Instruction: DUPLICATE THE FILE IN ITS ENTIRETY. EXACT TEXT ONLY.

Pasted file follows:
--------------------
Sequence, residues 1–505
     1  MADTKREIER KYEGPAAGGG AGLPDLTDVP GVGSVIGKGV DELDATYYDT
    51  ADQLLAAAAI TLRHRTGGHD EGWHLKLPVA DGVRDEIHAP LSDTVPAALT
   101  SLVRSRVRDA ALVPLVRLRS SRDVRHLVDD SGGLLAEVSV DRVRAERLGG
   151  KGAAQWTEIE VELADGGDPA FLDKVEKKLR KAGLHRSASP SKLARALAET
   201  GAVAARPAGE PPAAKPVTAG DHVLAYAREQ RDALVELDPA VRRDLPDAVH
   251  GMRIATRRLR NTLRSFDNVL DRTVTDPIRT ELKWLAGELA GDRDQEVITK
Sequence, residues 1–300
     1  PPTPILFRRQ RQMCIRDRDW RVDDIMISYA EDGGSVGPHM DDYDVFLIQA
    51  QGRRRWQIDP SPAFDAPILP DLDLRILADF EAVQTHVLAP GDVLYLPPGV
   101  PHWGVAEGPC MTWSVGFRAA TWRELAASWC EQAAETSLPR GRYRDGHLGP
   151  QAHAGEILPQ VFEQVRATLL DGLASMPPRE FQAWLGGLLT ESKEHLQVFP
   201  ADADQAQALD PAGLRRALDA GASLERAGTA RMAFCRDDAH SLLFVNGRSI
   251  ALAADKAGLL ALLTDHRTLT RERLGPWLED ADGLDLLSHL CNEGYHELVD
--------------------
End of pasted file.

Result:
Sequence, residues 1–505
     1  MADTKREIER KYEGPAAGGG AGLPDLTDVP GVGSVIGKGV DELDATYYDT
    51  ADQLLAAAAI TLRHRTGGHD EGWHLKLPVA DGVRDEIHAP LSDTVPAALT
   101  SLVRSRVRDA ALVPLVRLRS SRDVRHLVDD SGGLLAEVSV DRVRAERLGG
   151  KGAAQWTEIE VELADGGDPA FLDKVEKKLR KAGLHRSASP SKLARALAET
   201  GAVAARPAGE PPAAKPVTAG DHVLAYAREQ RDALVELDPA VRRDLPDAVH
   251  GMRIATRRLR NTLRSFDNVL DRTVTDPIRT ELKWLAGELA GDRDQEVITK
Sequence, residues 1–300
     1  PPTPILFRRQ RQMCIRDRDW RVDDIMISYA EDGGSVGPHM DDYDVFLIQA
    51  QGRRRWQIDP SPAFDAPILP DLDLRILADF EAVQTHVLAP GDVLYLPPGV
   101  PHWGVAEGPC MTWSVGFRAA TWRELAASWC EQAAETSLPR GRYRDGHLGP
   151  QAHAGEILPQ VFEQVRATLL DGLASMPPRE FQAWLGGLLT ESKEHLQVFP
   201  ADADQAQALD PAGLRRALDA GASLERAGTA RMAFCRDDAH SLLFVNGRSI
   251  ALAADKAGLL ALLTDHRTLT RERLGPWLED ADGLDLLSHL CNEGYHELVD